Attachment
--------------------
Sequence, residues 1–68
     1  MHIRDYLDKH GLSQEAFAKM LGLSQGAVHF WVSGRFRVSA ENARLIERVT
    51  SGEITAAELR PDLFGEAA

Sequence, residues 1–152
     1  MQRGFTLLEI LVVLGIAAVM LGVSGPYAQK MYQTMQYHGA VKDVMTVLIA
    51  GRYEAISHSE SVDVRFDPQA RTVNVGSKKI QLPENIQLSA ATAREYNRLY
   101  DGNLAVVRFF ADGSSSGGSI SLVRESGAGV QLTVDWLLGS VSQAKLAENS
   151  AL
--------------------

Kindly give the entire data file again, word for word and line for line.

Sequence, residues 1–68
     1  MHIRDYLDKH GLSQEAFAKM LGLSQGAVHF WVSGRFRVSA ENARLIERVT
    51  SGEITAAELR PDLFGEAA

Sequence, residues 1–152
     1  MQRGFTLLEI LVVLGIAAVM LGVSGPYAQK MYQTMQYHGA VKDVMTVLIA
    51  GRYEAISHSE SVDVRFDPQA RTVNVGSKKI QLPENIQLSA ATAREYNRLY
   101  DGNLAVVRFF ADGSSSGGSI SLVRESGAGV QLTVDWLLGS VSQAKLAENS
   151  AL